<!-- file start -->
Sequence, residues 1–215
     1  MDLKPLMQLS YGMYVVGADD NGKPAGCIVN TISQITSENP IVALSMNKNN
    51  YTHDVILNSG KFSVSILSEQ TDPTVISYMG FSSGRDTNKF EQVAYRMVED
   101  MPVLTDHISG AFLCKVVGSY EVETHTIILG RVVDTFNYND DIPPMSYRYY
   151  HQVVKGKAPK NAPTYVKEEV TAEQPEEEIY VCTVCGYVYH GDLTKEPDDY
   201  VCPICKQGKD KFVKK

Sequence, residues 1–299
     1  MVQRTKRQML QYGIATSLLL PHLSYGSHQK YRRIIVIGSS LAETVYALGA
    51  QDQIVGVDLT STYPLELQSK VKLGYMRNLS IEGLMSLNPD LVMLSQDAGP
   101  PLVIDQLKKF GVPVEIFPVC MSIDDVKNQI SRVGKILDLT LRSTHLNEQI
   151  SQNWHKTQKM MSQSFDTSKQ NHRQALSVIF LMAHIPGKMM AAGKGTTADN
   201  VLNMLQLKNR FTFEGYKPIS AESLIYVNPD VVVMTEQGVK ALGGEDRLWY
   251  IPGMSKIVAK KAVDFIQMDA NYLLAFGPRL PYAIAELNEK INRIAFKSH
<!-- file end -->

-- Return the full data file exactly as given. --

Sequence, residues 1–215
     1  MDLKPLMQLS YGMYVVGADD NGKPAGCIVN TISQITSENP IVALSMNKNN
    51  YTHDVILNSG KFSVSILSEQ TDPTVISYMG FSSGRDTNKF EQVAYRMVED
   101  MPVLTDHISG AFLCKVVGSY EVETHTIILG RVVDTFNYND DIPPMSYRYY
   151  HQVVKGKAPK NAPTYVKEEV TAEQPEEEIY VCTVCGYVYH GDLTKEPDDY
   201  VCPICKQGKD KFVKK

Sequence, residues 1–299
     1  MVQRTKRQML QYGIATSLLL PHLSYGSHQK YRRIIVIGSS LAETVYALGA
    51  QDQIVGVDLT STYPLELQSK VKLGYMRNLS IEGLMSLNPD LVMLSQDAGP
   101  PLVIDQLKKF GVPVEIFPVC MSIDDVKNQI SRVGKILDLT LRSTHLNEQI
   151  SQNWHKTQKM MSQSFDTSKQ NHRQALSVIF LMAHIPGKMM AAGKGTTADN
   201  VLNMLQLKNR FTFEGYKPIS AESLIYVNPD VVVMTEQGVK ALGGEDRLWY
   251  IPGMSKIVAK KAVDFIQMDA NYLLAFGPRL PYAIAELNEK INRIAFKSH